WATCH | Music is transformative. It can shift through culture, thoughts and emotions all through the rhythms of a drum or the notes on a guitar. For an Arab-American living in New York, the love of music came from the sounds of hardcore punk, and his life ultimately changed because of it .
Nader Haram is from Yonkers and is the vocalist in the New York hardcore punk band, Haram. His parents escaped the Lebanese civil war as refugees in the 1980s, when an estimated 150,000 people died and more than 1 million people were displaced.
After his parents moved to New York, Nader lived a normal suburban life like any other kid. But for many New Yorkers, things changed on September 11, 2001.
"I remember I was the first one pulled out of class and the principal was there," Nader recounts. "I sat down and the D.A.R.E. officer comes up to me. 'Where is your dad? Where is your mom right now? What do they do? Have they been abroad lately?'
I remember my mom pulled up and I got in the car. We're driving away from the school and I remember looking back. 'What's happened? What's going on?' And she's like, 'Oh, there was an attack on the city. Your father is down there.'" The surreal event haunts him to this day.
"Here I was, getting questioned by an officer... and also telling me that my dad was a terrorist. Meanwhile, my dad is in a first emergency response at Ground Zero and helping people out," Nader says.
Haram (which means "forbidden" in Arabic) is the first American punk band to sing in Arabic, with their cultural identity at the forefront.
"When we look back in 10, 15 years, we'll be talking about them, if for nothing else, just for that importance," said James Khubiar of CLRVYNT Magazine. "I feel almost like how Los Crudos has held on for 20, 30 years for the Latino community or The Dicks and Big Boys in Texas for LGBT, we'll be talking about that for Haram, because there wasn't one before. There is no reference point; it's just them."
Haram is Nader on vocals, Mike Gallant on guitar, James Stuart on drums, and Martin O'Sullivan on bass. They have a hardcore punk sound with a goth influence. The vocals are abrasive, their rhythm section is bouncy and confusing, and the guitar is slimy and pulsing.
(Photo by Renate Winter)
In August 2016, members of New York's Joint Terrorism Task Force began visiting Nader's home, his parents' home, and his workplace. On August 10, he received a call from his uncle, who had previously employed Nader at his computer repair store in midtown Manhattan. He told Nader that agents had come to retrieve Nader's internet history. He also received a call from his father saying agents had visited the home.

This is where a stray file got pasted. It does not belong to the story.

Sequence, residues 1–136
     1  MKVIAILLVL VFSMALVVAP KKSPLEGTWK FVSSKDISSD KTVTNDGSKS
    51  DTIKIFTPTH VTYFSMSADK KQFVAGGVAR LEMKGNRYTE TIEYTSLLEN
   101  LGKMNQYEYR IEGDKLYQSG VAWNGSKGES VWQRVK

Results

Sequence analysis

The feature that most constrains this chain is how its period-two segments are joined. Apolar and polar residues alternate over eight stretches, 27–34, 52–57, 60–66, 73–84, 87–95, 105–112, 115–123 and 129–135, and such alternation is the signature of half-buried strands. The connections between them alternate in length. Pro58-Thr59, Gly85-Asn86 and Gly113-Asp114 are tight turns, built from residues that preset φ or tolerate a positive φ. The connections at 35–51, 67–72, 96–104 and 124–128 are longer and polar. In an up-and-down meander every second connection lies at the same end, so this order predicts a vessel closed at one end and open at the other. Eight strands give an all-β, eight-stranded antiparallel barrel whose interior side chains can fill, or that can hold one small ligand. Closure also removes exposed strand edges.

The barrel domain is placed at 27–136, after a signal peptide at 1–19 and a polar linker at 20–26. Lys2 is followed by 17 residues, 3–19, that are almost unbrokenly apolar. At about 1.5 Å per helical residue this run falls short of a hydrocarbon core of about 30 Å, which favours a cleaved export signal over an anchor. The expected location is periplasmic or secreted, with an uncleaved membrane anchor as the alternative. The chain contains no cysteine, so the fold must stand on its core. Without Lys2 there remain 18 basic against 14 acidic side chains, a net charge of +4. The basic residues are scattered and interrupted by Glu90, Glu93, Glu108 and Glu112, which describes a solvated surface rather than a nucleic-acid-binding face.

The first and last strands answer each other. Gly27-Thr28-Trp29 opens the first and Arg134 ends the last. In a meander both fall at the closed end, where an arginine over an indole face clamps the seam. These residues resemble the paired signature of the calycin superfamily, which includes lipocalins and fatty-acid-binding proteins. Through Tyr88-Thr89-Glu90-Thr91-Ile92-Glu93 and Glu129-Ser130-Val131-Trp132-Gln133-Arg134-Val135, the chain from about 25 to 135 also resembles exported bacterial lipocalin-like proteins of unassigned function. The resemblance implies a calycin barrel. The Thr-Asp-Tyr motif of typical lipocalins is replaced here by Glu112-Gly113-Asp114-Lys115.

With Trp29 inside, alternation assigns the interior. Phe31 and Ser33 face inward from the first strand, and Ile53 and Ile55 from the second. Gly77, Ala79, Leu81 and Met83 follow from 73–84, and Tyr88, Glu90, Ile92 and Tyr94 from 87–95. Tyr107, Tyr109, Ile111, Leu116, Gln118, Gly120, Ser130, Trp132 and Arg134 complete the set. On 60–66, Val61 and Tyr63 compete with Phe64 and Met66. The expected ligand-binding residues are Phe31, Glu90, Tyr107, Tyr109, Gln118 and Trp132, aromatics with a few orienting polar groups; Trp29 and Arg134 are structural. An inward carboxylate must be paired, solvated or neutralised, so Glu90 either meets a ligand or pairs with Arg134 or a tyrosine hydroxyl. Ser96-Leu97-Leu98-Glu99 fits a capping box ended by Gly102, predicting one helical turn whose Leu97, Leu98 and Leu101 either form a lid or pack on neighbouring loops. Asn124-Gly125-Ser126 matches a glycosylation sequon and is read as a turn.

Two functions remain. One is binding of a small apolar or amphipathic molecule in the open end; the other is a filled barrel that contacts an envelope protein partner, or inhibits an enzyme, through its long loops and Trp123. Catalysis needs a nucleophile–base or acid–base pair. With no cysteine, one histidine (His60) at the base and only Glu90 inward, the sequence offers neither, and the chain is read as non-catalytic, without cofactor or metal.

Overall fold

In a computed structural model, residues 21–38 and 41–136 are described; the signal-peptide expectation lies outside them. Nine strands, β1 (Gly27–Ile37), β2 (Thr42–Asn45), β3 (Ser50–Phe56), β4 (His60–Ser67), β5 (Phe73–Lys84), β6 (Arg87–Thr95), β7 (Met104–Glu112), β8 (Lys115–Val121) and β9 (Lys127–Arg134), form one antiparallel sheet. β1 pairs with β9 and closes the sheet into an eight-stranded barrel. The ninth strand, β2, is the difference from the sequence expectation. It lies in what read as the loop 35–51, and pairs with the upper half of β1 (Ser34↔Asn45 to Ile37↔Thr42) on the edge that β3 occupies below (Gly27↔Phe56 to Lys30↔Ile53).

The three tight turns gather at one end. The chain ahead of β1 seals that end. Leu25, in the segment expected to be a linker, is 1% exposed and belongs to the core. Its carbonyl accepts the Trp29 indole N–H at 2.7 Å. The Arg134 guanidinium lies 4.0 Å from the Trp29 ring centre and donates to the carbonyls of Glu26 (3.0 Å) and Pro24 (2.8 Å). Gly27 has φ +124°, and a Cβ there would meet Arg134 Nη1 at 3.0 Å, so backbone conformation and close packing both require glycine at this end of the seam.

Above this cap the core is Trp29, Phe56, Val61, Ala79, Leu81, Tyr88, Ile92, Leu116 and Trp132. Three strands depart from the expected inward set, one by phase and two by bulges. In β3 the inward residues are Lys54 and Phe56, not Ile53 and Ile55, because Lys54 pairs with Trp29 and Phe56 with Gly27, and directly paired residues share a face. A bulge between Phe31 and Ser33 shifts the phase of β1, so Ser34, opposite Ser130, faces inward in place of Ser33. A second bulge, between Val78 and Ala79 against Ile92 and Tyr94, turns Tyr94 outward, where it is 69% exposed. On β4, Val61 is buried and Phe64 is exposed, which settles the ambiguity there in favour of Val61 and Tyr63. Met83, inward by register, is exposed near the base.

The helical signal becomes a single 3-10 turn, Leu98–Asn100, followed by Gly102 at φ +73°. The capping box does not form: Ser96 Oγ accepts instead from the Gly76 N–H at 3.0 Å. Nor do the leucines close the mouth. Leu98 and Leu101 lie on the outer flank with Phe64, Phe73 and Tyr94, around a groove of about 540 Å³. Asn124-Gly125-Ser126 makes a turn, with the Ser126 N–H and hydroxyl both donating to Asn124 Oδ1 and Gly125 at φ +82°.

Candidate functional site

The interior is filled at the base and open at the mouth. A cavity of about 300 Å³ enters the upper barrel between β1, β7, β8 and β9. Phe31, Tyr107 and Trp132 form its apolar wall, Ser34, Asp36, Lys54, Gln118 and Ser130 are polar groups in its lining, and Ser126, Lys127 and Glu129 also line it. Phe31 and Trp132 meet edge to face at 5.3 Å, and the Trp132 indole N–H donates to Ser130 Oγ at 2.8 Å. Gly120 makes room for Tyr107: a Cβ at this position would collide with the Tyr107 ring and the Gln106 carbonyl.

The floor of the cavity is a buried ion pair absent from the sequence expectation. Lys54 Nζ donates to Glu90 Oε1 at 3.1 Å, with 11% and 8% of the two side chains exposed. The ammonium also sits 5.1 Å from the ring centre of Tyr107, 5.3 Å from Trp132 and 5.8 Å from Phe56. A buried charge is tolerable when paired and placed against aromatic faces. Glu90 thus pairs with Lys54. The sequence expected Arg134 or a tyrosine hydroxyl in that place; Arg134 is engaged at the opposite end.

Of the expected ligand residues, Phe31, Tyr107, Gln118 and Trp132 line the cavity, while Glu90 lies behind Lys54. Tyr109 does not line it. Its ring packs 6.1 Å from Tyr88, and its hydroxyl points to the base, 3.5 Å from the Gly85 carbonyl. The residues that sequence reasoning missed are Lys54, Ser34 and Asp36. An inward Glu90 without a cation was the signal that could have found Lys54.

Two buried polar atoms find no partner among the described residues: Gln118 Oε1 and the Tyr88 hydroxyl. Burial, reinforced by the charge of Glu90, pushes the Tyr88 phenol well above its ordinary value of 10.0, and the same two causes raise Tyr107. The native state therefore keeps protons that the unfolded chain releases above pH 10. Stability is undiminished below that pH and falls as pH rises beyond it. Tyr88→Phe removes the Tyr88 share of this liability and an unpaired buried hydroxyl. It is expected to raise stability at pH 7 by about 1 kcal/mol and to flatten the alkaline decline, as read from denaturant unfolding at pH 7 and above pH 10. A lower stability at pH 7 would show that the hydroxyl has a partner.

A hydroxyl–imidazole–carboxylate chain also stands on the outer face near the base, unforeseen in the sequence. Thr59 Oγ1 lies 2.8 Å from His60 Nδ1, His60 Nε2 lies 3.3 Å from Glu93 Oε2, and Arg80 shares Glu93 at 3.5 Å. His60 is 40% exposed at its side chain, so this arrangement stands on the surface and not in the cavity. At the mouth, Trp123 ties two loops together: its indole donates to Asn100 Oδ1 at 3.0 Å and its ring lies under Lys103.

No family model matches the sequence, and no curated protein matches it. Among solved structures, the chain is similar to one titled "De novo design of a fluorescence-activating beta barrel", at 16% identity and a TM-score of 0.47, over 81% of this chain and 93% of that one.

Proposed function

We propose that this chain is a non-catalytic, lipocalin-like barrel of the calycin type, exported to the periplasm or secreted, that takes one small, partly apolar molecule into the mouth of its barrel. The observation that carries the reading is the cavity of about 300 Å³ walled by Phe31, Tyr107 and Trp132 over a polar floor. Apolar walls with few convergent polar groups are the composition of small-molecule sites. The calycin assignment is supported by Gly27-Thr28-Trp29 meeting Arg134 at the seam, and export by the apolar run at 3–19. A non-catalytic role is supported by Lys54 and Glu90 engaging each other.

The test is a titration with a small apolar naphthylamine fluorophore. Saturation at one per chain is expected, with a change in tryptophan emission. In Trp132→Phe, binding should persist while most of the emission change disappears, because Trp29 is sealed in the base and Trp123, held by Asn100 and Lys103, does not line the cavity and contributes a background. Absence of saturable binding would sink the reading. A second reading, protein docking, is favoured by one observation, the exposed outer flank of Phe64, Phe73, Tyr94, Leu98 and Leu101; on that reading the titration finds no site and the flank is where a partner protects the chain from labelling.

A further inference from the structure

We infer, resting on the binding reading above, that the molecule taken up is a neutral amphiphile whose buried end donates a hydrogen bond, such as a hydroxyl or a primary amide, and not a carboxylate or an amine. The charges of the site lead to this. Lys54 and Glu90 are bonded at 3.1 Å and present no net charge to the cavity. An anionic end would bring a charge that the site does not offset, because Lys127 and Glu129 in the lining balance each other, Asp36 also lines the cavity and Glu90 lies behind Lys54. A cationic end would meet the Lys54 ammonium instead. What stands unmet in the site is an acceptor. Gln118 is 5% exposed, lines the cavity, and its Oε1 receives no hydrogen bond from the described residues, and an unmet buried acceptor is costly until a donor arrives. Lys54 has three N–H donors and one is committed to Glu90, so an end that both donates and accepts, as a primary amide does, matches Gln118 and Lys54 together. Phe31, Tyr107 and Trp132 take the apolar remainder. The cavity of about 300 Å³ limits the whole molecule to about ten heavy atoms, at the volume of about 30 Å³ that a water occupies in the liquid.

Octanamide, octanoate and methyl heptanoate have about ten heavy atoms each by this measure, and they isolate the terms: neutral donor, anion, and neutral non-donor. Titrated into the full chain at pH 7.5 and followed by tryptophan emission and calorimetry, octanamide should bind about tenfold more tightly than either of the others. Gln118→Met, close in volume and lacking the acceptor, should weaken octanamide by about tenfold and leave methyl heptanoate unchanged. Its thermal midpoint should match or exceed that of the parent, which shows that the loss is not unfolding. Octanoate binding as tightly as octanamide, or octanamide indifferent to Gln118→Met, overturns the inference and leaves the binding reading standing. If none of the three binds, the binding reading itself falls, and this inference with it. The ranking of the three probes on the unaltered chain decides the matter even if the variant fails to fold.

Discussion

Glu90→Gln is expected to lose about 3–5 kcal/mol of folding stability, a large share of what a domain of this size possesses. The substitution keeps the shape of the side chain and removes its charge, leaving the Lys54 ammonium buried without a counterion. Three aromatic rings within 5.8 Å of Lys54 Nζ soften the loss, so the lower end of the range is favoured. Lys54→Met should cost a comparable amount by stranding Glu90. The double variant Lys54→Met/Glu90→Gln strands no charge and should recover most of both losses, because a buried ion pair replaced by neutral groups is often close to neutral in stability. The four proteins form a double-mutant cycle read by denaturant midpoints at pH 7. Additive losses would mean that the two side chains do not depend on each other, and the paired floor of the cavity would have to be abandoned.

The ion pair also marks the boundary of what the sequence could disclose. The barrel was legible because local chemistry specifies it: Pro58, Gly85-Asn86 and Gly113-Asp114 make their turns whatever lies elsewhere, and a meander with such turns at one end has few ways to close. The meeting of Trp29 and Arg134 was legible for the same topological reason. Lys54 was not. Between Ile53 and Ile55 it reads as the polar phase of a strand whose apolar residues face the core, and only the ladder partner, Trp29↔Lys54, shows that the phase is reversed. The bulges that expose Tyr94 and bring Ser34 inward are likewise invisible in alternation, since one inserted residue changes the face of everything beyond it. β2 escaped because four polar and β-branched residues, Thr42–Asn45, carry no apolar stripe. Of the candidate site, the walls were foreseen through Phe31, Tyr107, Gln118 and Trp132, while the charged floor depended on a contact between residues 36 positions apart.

It was the first day of the band's tour, and they were driving to a concert in Washington, D.C.
"The fact that this happened the day, at the time we were leaving for a tour, seemed to me to mean that they were conscious of what was happening with us at that moment and chose that time to intervene," said Haram drummer James Stuart. "Just the fact that it was in Arabic was enough to arouse their suspicion that Nader was doing something wrong, which he's not. They didn't even bother to translate the music to know that it was anti-extremist and secular and all this stuff. They just showed up at his house instead."
About a week later, two NYPD officers knocked on Nader's parents' door, and then came to question Nader at his home once they learned he no longer lived there. According to Nader, they asked him questions about his life and band, showed him some materials about his band they had printed, and left. He has not been contacted since. "It was still a very invasive experience for me. They came to my home, you know?
Fuck them. I don't care. I still do my thing everyday, and I'll do it every day until I die.
Nader reflected on his FBI experience.
(Photos by Angela Owens)
WATCH | Haram performs live in Oklahoma City.
New York's Joint Terrorism Task Force was the first of 104 JTTF's in the country, and was started in 1980. The primary partners are the FBI and NYPD, but there are over 50 city, state and national agencies that are a part of it. "Information sharing is a big part of it, but it goes beyond that. It's actually about coordinated action," said Charles Berger, assistant special agent-in-charge at the FBI's New York JTTF. The members of the JTTF work together to act against and prosecute perceived terror threats in the New York area. Circa also reached out to the NYPD and Mayor De Blasio's office, who declined to comment.
The NYPD came under scrutiny for spying on Muslim communities in New York, as was reported in a Pulitzer-winning series for the Associated Press. The NYPD sent officers to mosques, coffee shops, restaurants and Muslim student associations around the city, as outlined in a report from the City University of New York. Mayor Bill de Blasio has since appointed a federal judge to protect Muslims from unfair surveillance. "Does that mean that the surveillance of Muslims has ended? Obviously not, especially in the case of Nader right now," said Debbie Almontaser of the Muslim Community Network.
WATCH | Haram played at the annual Sam Vincent Foundation benefit on September 11, 2016.
This isn't the first time a movement within the hardcore punk scene has caught the attention of law enforcement. Friends Stand United or “Fuck Shit Up” (FSU), a national organization that started in the '90s in Massachusetts, was the subject of FBI investigations. The group claims to be an anti-racist group, driving out Nazis from punk clubs, but was monitored for using “violence to control” the hardcore punk rock music scene. Classified as a street gang by the FBI, FSU’s notoriety increased after the release of their 2004 street documentary called “Boston Beatdown II.”
Members of FSU emphatically describe their beatings while footage captures the violent actions. In 2009, the FBI indicted its alleged founder, Elgin Nathan James, on extortion charges.